^Sherwood, Harriet (30 January 2014). "Israel-Palestinian peace talks: the key issues". The Guardian. Retrieved 10 December 2017. Both Israel and the future state of Palestine want Jerusalem as their capital. ... The international consensus is that Jerusalem would have to be the shared capital of both states.
^A/RES/67/19 of 4 December 2012. United Nations General Assembly. The General Assembly emphasized "the need for a way to be found through negotiations to resolve the status of Jerusalem as the capital of two States".
^Paul J. I. M. de Waart (2005). "International Court of Justice Firmly Walled in the Law of Power in the Israeli–Palestinian Peace Process". Leiden Journal of International Law. 18 (3): pp. 467–487. "The Court ascertained the legal significance of the 'sacred trust of civilization' of the League of Nations (LoN) in respect of the 1922 Palestine Mandate as the origin of the present responsibility of the United Nations".
^General Assembly resolution 48/158D, 20 December 1993. para. 5(c) stipulated that the permanent status negotiations should guarantee "arrangements for peace and security of all States in the region, including those named in resolution 181(II) of 29 November 1947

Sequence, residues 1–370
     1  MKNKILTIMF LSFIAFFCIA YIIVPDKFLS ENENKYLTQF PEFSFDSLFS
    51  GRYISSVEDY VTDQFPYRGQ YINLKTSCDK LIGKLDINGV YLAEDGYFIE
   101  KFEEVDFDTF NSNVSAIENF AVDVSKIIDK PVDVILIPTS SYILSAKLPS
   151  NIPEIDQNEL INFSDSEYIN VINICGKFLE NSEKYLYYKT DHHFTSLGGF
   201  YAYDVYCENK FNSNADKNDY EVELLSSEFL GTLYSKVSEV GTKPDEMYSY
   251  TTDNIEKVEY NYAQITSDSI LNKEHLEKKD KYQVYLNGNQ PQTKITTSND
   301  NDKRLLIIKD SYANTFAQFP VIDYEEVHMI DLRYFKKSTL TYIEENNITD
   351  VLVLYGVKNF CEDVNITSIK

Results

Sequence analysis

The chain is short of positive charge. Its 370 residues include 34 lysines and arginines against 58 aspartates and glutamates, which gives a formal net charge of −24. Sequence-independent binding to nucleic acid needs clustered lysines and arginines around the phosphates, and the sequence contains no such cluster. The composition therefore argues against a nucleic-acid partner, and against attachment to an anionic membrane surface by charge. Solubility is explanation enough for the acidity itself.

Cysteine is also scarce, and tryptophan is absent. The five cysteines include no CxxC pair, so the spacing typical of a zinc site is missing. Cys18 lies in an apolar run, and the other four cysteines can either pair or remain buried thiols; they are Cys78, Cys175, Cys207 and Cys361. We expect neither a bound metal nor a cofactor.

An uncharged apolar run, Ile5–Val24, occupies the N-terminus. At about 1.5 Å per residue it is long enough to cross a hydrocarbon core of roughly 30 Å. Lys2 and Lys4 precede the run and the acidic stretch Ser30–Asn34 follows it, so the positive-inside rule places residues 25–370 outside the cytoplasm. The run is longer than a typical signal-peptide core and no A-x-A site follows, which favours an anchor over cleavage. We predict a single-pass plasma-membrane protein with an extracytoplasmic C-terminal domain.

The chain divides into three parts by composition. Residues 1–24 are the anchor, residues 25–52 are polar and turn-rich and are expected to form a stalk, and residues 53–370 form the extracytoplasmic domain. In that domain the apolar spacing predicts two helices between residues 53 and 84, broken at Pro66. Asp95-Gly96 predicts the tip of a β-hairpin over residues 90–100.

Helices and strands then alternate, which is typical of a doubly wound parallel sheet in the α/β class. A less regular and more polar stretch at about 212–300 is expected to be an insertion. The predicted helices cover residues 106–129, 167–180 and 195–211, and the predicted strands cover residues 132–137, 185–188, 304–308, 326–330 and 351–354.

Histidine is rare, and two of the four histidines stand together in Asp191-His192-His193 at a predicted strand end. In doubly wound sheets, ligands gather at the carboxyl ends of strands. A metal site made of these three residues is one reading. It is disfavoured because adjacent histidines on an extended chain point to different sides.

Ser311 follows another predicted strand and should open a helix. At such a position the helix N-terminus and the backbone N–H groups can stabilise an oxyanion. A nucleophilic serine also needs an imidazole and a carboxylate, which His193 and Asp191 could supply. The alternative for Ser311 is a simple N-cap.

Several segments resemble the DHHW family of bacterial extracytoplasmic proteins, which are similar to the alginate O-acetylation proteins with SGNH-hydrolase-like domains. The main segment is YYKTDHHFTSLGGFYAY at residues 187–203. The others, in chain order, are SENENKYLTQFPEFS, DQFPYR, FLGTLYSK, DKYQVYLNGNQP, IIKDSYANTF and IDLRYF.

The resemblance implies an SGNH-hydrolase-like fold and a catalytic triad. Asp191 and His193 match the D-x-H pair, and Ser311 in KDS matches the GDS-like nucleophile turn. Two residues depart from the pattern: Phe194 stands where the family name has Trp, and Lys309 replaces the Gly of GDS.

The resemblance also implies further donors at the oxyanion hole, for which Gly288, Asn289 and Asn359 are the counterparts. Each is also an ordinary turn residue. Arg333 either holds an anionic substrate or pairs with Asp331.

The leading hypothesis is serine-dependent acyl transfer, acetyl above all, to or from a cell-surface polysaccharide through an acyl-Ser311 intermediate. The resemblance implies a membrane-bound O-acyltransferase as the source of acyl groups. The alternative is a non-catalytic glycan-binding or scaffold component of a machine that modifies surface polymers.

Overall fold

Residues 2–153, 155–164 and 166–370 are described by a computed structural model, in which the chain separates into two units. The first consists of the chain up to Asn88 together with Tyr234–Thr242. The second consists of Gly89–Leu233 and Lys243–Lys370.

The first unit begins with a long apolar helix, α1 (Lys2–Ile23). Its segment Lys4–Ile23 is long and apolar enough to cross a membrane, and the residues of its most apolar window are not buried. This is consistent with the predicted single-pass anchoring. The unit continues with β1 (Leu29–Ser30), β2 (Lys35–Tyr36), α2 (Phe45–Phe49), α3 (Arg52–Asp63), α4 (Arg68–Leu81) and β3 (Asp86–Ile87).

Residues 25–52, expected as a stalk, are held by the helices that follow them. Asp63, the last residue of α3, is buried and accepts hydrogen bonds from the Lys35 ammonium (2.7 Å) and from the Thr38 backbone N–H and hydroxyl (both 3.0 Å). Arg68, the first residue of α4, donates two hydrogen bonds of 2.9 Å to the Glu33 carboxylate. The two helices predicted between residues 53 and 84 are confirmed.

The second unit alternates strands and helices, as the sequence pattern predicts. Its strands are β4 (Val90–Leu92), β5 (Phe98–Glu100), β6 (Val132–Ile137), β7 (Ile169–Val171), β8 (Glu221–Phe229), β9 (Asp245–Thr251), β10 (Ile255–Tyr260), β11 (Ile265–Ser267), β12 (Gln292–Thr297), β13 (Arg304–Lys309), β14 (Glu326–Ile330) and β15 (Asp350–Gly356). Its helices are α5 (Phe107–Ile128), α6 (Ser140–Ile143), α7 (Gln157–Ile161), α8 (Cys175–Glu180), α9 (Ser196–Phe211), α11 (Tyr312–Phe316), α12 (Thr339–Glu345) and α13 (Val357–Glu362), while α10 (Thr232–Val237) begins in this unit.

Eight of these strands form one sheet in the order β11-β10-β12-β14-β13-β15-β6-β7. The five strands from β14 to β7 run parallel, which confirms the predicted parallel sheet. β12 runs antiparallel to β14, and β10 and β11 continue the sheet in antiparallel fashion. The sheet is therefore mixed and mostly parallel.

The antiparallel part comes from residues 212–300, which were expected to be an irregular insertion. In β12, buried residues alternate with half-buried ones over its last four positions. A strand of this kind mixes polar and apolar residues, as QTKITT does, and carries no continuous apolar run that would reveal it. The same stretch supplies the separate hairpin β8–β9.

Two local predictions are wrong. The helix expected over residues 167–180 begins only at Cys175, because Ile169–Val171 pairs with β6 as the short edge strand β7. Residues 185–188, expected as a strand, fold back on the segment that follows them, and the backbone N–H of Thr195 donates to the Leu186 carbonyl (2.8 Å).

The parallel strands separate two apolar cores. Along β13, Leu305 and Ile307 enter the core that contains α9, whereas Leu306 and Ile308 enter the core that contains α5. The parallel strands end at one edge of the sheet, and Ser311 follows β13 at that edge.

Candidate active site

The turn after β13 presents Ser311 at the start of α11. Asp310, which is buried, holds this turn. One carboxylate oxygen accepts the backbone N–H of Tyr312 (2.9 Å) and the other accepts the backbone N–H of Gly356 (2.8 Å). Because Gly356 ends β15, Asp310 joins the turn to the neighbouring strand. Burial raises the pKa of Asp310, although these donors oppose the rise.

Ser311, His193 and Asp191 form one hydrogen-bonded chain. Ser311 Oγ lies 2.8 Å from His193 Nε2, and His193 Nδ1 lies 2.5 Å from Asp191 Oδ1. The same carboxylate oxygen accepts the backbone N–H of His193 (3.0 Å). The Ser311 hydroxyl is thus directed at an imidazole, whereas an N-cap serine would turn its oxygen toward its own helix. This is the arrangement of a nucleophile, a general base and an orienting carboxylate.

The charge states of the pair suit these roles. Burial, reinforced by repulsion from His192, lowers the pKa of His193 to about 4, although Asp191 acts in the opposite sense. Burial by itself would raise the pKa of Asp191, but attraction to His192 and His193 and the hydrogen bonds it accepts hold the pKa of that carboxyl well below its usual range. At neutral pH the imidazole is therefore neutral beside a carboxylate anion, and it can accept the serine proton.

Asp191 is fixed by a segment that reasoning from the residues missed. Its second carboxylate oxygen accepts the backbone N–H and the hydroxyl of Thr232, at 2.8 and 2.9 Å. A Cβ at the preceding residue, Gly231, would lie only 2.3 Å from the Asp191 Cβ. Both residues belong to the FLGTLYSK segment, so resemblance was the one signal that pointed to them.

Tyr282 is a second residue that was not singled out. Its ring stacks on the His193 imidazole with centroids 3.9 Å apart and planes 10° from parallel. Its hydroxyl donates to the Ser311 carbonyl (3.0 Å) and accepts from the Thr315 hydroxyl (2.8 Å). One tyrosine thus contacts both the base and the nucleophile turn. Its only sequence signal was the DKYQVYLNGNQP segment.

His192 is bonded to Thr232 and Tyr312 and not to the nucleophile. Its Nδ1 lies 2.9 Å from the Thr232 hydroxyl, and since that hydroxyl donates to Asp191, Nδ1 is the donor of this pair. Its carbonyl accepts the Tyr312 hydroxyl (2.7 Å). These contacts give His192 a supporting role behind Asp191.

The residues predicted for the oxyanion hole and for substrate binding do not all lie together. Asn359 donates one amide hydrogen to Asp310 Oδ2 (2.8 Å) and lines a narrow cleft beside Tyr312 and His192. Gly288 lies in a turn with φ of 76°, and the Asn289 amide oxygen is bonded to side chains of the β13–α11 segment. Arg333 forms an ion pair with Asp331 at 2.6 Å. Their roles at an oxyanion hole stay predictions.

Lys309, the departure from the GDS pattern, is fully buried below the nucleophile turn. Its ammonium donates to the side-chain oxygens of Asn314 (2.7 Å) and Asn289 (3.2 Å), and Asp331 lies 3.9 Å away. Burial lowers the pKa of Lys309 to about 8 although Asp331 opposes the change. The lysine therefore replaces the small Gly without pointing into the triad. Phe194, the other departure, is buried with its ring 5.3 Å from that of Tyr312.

^"The Palestinian Official Position". Archived from the original on 12 February 2006. Retrieved 10 February 2006.CS1 maint: BOT: original-url status unknown (link) , Palestinian National Authority, Ministry of Information, copy from Archive.org, retrieved 20 June 2007.
^UNGA, 30 November 2011, Resolution adopted by the General Assembly, 66/18. JerusalemArchived 2014-02-03 at the Wayback Machine. (doc.nr. A/RES/66/18 d.d. 26-01-2012) "Recalling its resolution 181 (II) of 29 November 1947, in particular its provisions regarding the City of Jerusalem," "Reiterates its determination that any actions taken by Israel, the occupying Power, to impose its laws, jurisdiction and administration on the Holy City of Jerusalem are illegal and therefore null and void and have no validity whatsoever,"
^See Restatement (3rd) Foreign Relations Law of the United States, American Law Institute, 1986, §§ 203 Recognition or Acceptance of Governments and §§ 204 Recognition and Maintaining Diplomatic Relations Law of the United States.